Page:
Through a certain set of eyes, this may seem benign. But in its unadulterated praise, the event exemplified the “Cult of Lee.” During the 66 years between the general’s death and the statue’s erection, Lee had become in the minds of many a hero out of a storybook tale. And like a storybook character, all of his contradictions, misconceptions, and complications were sanded down to leave the towering figure of grandeur and gentlemanliness in its place.
By most historical accounts, Lee was an able tactician and a devout Christian. For the sake of the restoration of the Union, he didn’t want statues erected to Confederate heroes. But Lee was also a slave owner and a brutal taskmaster who deliberately broke up his slaves’ families. He justified his harsh handling of his slaves as necessary “for their instruction as a race.” He didn’t free his slaves until a Virginia court forced his hand, and he turned a blind eye when his soldiers—and later his students at Washington and Lee University—massacred or beat or raped or abducted black soldiers or students.
In his writings, Lee expressed opposition to the idea of slavery, but not for the slaves’ sake. Rather, he argued, it was out of Christian charity that white men held slaves, keeping them in bondage to protect them from the race’s perceived inclination toward insubordination, ignorance, and incompetence. What he didn’t like was how slavery threatened the morality of white men, and when he spoke generously of blacks, he added the caveat that nonetheless “our material, societal, and political interests are naturally with the whites.” In short, it was a worldview that understood white men as naturally superior to people of color, the vision of a true, pure, Christian trajectory of American history. None of this made Lee extraordinary. In fact, they were characteristics that qualified him as a Southern gentleman.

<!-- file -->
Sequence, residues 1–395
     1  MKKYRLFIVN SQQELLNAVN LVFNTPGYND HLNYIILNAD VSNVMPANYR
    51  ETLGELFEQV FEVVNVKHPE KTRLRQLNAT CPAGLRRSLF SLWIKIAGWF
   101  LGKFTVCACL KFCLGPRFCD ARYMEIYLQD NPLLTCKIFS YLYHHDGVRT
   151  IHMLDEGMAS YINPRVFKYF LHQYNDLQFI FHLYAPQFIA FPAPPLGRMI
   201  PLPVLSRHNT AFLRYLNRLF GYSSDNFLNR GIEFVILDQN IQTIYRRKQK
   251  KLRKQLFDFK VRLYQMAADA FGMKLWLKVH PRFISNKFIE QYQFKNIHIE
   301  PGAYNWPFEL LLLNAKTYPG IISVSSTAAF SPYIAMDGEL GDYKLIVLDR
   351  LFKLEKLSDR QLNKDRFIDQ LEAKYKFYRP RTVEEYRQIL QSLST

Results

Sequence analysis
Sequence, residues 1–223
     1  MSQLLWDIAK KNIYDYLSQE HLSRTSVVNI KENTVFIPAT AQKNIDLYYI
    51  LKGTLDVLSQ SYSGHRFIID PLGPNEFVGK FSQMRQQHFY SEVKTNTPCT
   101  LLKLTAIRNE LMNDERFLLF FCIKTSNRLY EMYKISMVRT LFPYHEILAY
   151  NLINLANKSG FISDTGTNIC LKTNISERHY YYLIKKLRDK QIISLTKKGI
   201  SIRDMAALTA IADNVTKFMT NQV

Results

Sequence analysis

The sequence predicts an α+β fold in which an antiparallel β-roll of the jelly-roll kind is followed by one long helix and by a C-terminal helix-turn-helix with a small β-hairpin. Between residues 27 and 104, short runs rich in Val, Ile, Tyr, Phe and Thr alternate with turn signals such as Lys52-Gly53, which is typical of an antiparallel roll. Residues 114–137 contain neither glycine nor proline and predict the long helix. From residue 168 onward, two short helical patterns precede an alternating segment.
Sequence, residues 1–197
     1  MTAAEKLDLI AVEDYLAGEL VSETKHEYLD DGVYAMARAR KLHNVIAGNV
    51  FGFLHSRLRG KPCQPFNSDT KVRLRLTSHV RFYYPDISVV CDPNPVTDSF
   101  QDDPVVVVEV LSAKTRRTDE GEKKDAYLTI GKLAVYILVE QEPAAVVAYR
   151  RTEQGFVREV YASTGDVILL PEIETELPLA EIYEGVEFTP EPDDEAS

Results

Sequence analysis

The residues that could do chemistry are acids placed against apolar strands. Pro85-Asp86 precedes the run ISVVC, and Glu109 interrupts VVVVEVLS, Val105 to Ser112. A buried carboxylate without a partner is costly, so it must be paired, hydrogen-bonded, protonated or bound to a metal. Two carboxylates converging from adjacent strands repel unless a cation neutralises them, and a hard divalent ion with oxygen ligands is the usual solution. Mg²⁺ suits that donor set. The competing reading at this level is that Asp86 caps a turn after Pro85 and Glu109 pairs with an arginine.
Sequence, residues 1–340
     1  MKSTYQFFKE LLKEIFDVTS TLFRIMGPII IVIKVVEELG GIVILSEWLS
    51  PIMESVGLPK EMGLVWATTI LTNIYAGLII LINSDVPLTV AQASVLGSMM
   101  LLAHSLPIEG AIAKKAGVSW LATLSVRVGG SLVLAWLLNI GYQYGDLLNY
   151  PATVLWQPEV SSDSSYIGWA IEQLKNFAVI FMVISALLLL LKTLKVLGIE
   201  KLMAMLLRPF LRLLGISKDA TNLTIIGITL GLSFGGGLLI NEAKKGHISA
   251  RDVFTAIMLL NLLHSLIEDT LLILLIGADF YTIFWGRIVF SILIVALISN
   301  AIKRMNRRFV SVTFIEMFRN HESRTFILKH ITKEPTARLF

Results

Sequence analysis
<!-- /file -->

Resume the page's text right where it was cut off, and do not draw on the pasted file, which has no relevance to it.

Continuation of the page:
Whether Robert E. Lee is the kind of historical figure Dallas wants to honor in 2017, however, isn’t really the point. The statue in the former Lee Park, and hundreds like it, must be understood in the context of the Lost Cause movement, which sought to erase slavery as a cause of the Civil War and reframe Southern secession as a noble effort to preserve the South’s cultural heritage. The Dallas Southern Memorial Association erected the statue to reassert the ideals Lee represented to the Lost Cause: white Southern pride, honor, gentlemanliness, strength, and supremacy. Standing beneath the statue during the hours before its removal, feeling the artwork’s weight, presence, and grandeur, it was impossible to disagree with the assertion that Proctor masterfully captured these qualities in his sculpture. That he did such a good job, however, makes the Lee statue all the more potent and horrifying. Its quality is a testament to the power of art as well as art’s susceptibility to be co-opted into the service of propaganda.
Those who argued that the removal represented historical revisionism failed to see the statue’s duplicitous assault on history. Those who argued that its presence was benign, or that its aesthetic merit trumps any unfortunate associations, dismissed the power of art. The statue enshrines and perpetuates an assertion of a false historical ideal, one that invalidates the humanity of African-Americans and erases their experience from history. That erasure is at the very heart of what racism is. The only way to correct the historical record was to bring the old general down.